It’s been reported that up to two in every 10 acute medical admissions are for a neurological issue. Yet there is an established dearth of specialists in the field, such that a 2017 survey by the Association of British Neurologists showed 20 per cent of UK acute hospitals only had access to a neurologist on three or fewer days each week.
“Neurology is a service that has struggled nationally with the amount of consultants and the capacity and demand,” says Steve Burnett, Assistant General Manager for Specialty Medicine at East Suffolk and North Essex Foundation Trust. He says his trust is no exception, and so neurology was a natural area of focus for a recent 100-day improvement challenge. The aim: to reduce waiting times.
When embarking on the challenge, Mr Burnett looked at statistics across the specialities he manages. One point stood out: the percentage of advice and guidance calls being answered. In some specialties, more than 70 per cent of requests for advice from GPs were being met. But in Neurology, it was at 16 per cent.
Mr Burnett saw a Catch 22. He felt that some referrals may be avoided were GPs able to access advice, but neurologists were struggling to offer that advice because they were so swamped with the number of referrals being received.
“Obviously I can’t magically give consultants more time to answer their phone, so we looked at other possible solutions. That’s when Consultant Connect talked about their national network – we could outsource some of these calls to other neurology consultants elsewhere.”
Over the 100 days in which the system was trialled, 78 per cent of calls requesting neurology advice were answered. In 72 per cent of those, visits to the hospital were avoided. Mr Burnett stresses the number of patients involved aren’t huge, but believes the impact could be.
“We avoided about seven referrals a month. Even if we were stopping one to two unneeded referrals a week, that would be freeing up a clinic per month – reducing waiting times.”
It’s an example of how networks might allow for a better spreading of workflow in specialties where there is a lack of experts: radiology and pathology being other prime examples. And Mr Burnett and his colleagues have been sufficiently impressed that access to Consultant Connect’s National Network has been extended following the end of the pilot.
Find out how we have supported these other successful 100-day Challenges:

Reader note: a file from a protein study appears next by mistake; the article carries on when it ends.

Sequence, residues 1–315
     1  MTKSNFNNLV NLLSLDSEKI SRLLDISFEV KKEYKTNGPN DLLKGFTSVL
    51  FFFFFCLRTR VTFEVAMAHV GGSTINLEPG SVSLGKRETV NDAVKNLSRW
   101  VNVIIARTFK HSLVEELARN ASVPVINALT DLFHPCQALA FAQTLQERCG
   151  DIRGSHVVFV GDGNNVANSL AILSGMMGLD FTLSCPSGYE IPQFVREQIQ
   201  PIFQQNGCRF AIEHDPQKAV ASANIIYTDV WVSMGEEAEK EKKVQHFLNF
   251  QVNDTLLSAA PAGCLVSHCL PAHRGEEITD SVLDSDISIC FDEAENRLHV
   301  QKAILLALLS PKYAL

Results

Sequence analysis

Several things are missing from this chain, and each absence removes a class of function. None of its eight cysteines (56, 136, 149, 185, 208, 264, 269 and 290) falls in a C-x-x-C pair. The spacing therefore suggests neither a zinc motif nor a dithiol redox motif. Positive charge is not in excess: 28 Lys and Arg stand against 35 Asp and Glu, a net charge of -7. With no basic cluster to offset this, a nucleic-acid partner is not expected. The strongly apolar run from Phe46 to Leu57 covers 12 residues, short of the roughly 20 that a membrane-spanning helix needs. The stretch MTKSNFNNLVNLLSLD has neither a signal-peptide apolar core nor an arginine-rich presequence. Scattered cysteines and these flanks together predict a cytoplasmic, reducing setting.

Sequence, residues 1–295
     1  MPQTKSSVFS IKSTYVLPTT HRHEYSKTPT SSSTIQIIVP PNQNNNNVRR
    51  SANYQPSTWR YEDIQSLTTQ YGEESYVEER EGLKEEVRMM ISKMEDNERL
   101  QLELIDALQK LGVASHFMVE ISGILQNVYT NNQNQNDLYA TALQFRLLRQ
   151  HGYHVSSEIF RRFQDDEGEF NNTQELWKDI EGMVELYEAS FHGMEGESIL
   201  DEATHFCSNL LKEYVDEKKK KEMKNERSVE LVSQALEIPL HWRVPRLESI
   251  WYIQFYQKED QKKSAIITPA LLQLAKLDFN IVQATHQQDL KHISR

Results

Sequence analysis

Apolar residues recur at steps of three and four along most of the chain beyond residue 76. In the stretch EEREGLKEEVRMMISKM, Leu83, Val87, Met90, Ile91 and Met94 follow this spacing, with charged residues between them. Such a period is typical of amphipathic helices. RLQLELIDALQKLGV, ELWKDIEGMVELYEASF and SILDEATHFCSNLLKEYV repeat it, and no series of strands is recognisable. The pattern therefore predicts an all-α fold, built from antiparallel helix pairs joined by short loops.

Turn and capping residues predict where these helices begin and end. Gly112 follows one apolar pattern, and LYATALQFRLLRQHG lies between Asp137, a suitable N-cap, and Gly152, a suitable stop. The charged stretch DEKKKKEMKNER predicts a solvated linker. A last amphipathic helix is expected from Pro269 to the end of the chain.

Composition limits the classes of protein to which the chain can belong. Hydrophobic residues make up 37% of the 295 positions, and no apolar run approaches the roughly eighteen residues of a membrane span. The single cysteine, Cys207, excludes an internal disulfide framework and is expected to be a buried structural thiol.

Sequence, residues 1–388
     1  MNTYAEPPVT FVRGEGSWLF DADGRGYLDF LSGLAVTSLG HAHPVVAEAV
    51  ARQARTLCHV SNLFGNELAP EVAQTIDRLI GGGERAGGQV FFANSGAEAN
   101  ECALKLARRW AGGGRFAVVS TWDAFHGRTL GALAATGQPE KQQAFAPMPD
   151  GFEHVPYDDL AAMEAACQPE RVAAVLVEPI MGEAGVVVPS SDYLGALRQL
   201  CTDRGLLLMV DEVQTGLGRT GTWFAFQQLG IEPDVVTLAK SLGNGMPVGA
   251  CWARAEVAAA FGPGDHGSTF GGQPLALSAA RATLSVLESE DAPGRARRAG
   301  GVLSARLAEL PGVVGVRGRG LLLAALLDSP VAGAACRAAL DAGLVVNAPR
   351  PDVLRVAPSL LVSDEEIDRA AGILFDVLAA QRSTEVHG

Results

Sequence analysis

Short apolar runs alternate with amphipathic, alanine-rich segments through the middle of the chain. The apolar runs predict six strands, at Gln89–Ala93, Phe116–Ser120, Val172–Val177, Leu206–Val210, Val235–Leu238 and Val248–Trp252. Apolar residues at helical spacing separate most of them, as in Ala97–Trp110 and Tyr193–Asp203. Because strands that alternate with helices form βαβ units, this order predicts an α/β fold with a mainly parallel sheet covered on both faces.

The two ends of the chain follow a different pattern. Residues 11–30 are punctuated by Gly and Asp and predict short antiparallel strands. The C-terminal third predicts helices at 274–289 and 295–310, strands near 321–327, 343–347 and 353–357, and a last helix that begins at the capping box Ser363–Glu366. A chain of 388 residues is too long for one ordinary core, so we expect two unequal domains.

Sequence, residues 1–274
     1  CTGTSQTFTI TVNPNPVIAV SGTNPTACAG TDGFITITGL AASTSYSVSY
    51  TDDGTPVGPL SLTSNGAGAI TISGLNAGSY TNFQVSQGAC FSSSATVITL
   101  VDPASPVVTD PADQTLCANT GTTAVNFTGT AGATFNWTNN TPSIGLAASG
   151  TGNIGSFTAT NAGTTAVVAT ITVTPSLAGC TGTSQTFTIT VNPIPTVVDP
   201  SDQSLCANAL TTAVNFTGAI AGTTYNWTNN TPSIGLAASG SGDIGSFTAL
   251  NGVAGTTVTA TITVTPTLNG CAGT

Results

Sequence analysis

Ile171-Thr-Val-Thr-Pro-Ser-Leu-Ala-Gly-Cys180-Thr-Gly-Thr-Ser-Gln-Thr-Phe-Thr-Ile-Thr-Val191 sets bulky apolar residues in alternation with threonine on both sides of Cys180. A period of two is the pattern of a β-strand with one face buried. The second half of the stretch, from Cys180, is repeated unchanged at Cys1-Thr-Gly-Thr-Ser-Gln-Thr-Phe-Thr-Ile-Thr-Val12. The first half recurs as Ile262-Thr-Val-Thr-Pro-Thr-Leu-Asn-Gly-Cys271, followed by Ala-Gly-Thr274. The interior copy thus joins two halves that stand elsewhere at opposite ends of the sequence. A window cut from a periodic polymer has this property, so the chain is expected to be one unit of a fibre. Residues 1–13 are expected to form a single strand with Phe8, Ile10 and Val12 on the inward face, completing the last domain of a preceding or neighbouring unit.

What do GPs think?
The following feedback is from Dr Tatavarthi, a GP in North East Essex, who used Telephone Advice & Guidance to discuss an elderly patient who had Trigeminal Neuralgia. The patient had been taking Carbamazepine and, after collapsing and being diagnosed at A&E with low sodium levels, had stopped taking the drug. Following this, she was in pain, her sodium levels remained low and she had SIADH in her urine and a plasma osmolality test.
“I used Consultant Connect to get specialist phone advice about alternative medication to Carbamazepine for my patient. I was connected to a neurologist from outside of our area. He was extremely helpful and informed me that, normally sodium levels improve within 2-4 weeks of a patient stopping Carbamazepine. As her sodium levels had not improved in that time, the neurologist did not think that the Carbamazepine was what caused her SIADH. So, he suggested referring her to an endocrinologist for further investigation.
He also recommended trying Carbamazepine again or Phenytoin as another option. However, he advised me that the side effects for an 88-year-old could be high but that it was also worth a try.
Following a discussion with the patient and her family, we agreed she would try Phenytoin. However, she had to stop the medication after two weeks due to side effects. With the neurologist’s advice, I felt confident enough to stop Phenytoin and try Carbamazepine again. Her symptoms improved within two weeks, there was no deterioration in her sodium levels and she was subsequently reviewed by an endocrinologist.”
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